The ranked performance of the largest broker-dealers in Q2'20 was greatly affected by the COVID-19 pandemic, as the largest banks raised their loan loss provisions for the second quarter in a row. Click through the gallery to see how they compared. (Photo: Shutterstock)
WORST: 13th place.
LOST $2.4 billion in Q2'20, or $0.66 per share, vs. a profit of $6.2 billion, or $1.30 per share, a year ago | Employee advisor headcount 13,298,
DOWN 425 from Q2'19. |
Wells Fargo branch in New York (Photo: Bloomberg)
LOST $539 million, or $4.31 per share in Q2'20 vs. profits of $492 million, or $3.57 per share, a year ago | 9,894 franchisee/employee advisors,
DOWN 57. |
11th place. Revised earnings $373 billion, which reflect a $2 billion jump in litigation reserves tied to its role in Malaysia's 1MDB investment fund scandal.
DOWN 85% | EPS $0.53,
DOWN 91% | Wealth management revenues (including Personal Financial Management, previously United Capital) $1.1 billion,
UP 7% |
10th place. Earnings $1.3 billion,
DOWN 73% | EPS $0.50,
DOWN 74% | Private bank revenues $956 million,
UP 10%. |
9th place. Earnings $3.53 billion,
DOWN 52% | EPS $0.37,
DOWN 50% | Merrill headcount 17,888,
UP 380 from a year ago. |
Bank of America building (Photo: AP)
BANK OF AMERICA
8th place. Earnings $4.7 billion,
DOWN 51% | EPS $1.38, DOWN 51% | Wealth advisor headcount 2,869,
UP 134 from Q2'19. |
JPMorgan Sign on a building in New York. (Photo: AP)
7th place. Earnings $172 million,
DOWN 34% | EPS $1.23,
DOWN 32% | Advisor headcount 8,155,
UP 251. |
Raymond James CEO Paul Reilly.
6th place. Earnings $24.8 million,
DOWN 27% | EPS $0.38,
DOWN 16% | Advisor and associate headcount 1,344
DOWN 30 from a year ago |
Waddell & Reed headquarters in Shawnee Mission, Kansas.
WADDELL and REED
5th place. Earnings $102 million,
DOWN 30% | EPS $1.27,
DOWN 26% | Advisor headcount 16,973,
UP 812 from a year ago. | LPL CEO Dan Arnold.
4th place. Earnings $1.23 billion,
DOWN 11% | EPS $0.33,
DOWN 43% | Advisor headcount-Americas 6,410,
DOWN 279. |
A UBS building in New York (Photo: Bloomberg)
3rd place. Earnings $108 million,
DOWN 1% | EPS $1.39,
UP 6% | Advisor headcount 2,232
UP 39 from a year ago |
Stifel CEO Ronald Kruszewski. (Photo: Bloomberg)
2nd place. Earnings $256.8 million,
UP 15% | EPS $1.40,
UP 13% | Total wealth management assets $136 billion,
UP 13% from a year ago |
First Republic Bank branch in New York (Photo: Bloomberg)
FIRST REPUBLIC BANK
BEST: 1st place. Earnings $3.2 billion,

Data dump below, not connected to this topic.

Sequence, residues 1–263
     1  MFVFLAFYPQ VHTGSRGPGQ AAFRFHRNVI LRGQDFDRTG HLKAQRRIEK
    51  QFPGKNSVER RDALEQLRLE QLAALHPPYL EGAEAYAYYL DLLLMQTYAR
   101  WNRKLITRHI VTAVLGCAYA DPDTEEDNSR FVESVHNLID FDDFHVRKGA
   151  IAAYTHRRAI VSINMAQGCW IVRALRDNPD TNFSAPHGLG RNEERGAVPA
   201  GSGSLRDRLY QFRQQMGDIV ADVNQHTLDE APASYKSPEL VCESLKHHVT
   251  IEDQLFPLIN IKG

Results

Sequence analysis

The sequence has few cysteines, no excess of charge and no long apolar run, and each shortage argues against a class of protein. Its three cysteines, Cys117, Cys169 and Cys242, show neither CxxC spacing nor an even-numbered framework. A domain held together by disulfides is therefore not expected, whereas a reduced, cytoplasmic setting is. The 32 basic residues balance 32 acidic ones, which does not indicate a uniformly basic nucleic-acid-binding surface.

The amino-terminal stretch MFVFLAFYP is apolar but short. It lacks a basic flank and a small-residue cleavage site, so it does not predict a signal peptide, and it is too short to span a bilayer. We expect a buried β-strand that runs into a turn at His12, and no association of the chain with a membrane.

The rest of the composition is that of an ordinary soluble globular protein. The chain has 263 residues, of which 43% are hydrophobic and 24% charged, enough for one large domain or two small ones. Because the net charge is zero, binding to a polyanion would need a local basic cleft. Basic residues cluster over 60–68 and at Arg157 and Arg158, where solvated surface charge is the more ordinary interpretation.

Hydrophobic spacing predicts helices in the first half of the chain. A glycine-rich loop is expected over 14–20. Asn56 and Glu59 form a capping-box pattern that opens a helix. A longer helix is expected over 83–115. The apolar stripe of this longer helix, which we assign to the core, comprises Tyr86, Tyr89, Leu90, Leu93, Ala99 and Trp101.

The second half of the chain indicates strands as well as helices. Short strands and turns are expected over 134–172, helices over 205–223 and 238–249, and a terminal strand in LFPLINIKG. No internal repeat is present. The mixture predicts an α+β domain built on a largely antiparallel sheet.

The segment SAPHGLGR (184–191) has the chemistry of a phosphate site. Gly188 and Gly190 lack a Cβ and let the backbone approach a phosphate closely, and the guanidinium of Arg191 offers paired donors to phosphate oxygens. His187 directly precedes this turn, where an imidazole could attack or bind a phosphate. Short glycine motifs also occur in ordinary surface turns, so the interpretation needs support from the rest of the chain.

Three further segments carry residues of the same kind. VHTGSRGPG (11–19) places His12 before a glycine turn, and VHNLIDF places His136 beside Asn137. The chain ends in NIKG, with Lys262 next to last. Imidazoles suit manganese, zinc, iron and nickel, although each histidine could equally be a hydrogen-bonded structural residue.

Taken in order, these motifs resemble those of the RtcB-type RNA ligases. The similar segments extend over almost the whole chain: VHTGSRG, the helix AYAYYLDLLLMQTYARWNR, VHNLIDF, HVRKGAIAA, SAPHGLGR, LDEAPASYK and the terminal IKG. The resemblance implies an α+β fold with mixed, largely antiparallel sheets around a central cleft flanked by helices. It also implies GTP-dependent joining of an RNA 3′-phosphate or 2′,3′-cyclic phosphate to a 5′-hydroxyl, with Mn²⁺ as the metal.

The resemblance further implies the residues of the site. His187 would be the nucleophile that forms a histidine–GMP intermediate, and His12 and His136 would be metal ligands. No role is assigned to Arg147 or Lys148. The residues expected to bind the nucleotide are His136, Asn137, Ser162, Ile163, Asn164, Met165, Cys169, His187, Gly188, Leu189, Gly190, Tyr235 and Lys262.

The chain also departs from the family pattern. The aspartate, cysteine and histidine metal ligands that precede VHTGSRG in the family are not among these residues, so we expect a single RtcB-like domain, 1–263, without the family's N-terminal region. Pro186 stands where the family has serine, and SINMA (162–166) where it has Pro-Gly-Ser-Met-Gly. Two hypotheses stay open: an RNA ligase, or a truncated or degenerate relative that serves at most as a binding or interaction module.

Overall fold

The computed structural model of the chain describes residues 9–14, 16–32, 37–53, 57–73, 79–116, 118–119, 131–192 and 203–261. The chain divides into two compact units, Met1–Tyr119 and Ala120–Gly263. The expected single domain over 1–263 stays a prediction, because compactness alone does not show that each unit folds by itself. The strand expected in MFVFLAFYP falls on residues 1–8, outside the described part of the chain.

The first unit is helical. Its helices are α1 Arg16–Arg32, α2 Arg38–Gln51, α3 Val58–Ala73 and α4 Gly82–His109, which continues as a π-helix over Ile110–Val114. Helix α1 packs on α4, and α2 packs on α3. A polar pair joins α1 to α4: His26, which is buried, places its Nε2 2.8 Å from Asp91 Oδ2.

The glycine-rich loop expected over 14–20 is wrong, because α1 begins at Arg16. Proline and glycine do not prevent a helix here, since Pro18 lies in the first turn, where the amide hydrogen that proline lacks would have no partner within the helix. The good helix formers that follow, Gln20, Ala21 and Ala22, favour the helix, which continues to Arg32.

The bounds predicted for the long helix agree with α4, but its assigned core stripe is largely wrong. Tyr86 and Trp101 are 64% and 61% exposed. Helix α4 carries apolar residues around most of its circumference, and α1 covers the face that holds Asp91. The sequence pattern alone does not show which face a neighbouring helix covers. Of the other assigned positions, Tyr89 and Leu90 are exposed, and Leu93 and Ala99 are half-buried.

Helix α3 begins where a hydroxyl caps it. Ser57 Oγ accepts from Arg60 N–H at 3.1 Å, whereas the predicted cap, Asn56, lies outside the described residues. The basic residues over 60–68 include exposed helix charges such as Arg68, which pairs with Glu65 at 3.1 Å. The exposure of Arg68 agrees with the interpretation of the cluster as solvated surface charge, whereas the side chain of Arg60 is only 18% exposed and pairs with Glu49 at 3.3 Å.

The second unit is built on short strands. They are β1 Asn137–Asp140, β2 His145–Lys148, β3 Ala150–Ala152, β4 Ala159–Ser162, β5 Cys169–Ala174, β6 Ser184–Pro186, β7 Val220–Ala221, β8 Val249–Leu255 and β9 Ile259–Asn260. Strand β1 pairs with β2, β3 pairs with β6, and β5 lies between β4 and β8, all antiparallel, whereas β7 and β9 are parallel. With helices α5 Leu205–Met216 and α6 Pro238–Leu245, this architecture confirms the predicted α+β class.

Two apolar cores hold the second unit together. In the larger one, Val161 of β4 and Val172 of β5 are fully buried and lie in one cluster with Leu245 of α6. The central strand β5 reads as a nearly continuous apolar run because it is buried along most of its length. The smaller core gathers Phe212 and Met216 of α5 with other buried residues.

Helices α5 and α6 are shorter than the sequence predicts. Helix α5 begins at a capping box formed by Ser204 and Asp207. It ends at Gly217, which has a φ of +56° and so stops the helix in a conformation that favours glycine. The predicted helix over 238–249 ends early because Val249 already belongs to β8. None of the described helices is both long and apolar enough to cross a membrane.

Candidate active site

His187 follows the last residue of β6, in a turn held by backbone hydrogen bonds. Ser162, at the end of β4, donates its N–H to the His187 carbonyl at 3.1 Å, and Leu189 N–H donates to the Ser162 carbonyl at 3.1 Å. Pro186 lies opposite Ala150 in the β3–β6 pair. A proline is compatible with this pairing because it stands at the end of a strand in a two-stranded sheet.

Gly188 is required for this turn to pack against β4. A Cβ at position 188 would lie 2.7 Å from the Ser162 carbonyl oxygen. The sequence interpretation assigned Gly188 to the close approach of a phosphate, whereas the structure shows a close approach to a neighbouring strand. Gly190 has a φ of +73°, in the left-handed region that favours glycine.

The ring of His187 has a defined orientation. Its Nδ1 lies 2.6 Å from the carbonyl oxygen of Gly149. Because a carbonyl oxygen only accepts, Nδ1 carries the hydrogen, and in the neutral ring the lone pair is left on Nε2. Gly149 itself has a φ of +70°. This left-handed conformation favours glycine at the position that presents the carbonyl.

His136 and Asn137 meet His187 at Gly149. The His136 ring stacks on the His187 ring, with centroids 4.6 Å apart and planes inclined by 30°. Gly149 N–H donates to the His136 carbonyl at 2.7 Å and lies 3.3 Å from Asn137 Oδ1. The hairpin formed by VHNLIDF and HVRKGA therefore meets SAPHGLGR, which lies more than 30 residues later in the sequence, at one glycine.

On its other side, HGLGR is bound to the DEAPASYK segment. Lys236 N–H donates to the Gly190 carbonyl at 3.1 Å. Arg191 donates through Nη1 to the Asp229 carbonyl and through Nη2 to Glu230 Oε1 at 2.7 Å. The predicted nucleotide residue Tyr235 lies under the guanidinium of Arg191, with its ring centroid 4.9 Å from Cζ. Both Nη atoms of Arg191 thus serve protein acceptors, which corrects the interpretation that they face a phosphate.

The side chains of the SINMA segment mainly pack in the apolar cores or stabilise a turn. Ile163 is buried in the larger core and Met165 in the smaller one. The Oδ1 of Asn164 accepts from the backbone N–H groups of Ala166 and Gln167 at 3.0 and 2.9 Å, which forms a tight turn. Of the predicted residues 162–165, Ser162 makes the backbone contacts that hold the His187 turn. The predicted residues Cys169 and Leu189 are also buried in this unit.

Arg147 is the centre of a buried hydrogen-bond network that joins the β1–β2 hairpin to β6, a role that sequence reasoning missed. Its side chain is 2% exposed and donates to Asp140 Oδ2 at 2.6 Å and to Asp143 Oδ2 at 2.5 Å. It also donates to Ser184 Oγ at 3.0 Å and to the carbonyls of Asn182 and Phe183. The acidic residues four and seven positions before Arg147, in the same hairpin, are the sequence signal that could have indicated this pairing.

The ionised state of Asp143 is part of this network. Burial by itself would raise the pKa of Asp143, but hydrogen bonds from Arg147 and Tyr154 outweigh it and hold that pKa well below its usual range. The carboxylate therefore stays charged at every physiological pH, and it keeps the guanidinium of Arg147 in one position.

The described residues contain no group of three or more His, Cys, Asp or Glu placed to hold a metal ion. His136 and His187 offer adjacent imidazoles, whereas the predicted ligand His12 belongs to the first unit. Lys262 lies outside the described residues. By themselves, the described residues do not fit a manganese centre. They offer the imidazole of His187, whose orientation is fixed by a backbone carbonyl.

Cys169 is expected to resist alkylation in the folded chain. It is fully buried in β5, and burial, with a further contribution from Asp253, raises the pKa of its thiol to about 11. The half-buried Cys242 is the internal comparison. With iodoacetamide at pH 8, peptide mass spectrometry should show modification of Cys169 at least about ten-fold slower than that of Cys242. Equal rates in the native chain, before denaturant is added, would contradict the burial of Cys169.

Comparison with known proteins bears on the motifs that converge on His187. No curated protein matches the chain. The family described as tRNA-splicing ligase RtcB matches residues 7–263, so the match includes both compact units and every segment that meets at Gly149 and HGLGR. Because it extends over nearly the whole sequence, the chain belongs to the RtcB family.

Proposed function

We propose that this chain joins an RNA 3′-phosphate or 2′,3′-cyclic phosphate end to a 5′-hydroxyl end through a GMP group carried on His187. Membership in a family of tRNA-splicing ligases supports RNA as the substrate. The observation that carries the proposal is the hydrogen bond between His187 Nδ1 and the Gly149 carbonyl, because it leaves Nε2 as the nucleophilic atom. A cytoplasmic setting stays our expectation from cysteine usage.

UP 45% | EPS $1.96,
UP 59% | Advisor headcount 15,399,
DOWN 234. |
Morgan Stanley's New York headquarters (Photo: Bloomberg)
In the second quarter of 2020, one bank — which owns one of the four wirehouse broker-dealers — set aside nearly $10.5 billion for credit losses, while another had provisions of close to $9.6 billion for potential loan losses, more the doubling the $3.8 billion it put aside in the prior quarter.
The two firms, though, reported dramatically different profits for the period ending June 30.
According to FactSet, the broader financial sector reported the fourth-largest year-over-year earnings decline of all 11 industry sectors as of July 31: -53%, which — if the figure remains at this level after all firms report Q2 2020 earnings — would represent the biggest earnings drop for banks and other financial firms since Q4 2008.
By segment, the largest declines have been in consumer finance (-118%), banking (-77%) and insurance (-38%). Capital markets (+10%) is the sole segment reporting year-over-year earnings growth for the quarter so far, FactSet says.
About a week after FactSet released its analysis, Goldman Sachs revised its second-quarter results to reflect the fact that the bank had increased its litigation reserves by some $2 billion in order to help it resolve probes over its role in Malaysia’s 1MDB investment fund scandal. This pushed it out of the third-best spot.
FA Headcount, Assets
Overall, the four wirehouses — Merrill Lynch, Morgan Stanley, UBS and Wells Fargo — saw their combined headcount shrink by 558 financial advisors over the past 12 months. They now have a total of 52,995 advisors in the Americas, and these FAs work with $8.4 trillion of client assets.
The other non-wirehouse broker-dealers tracked by ThinkAdvisor — and that publicly disclose their respective headcounts — have a total of 41,467 advisors. Four of the largest — LPL Financial, Ameriprise Financial, Raymond James and Stifel — have combined client assets of nearly $2.6 trillion. — Related on ThinkAdvisor: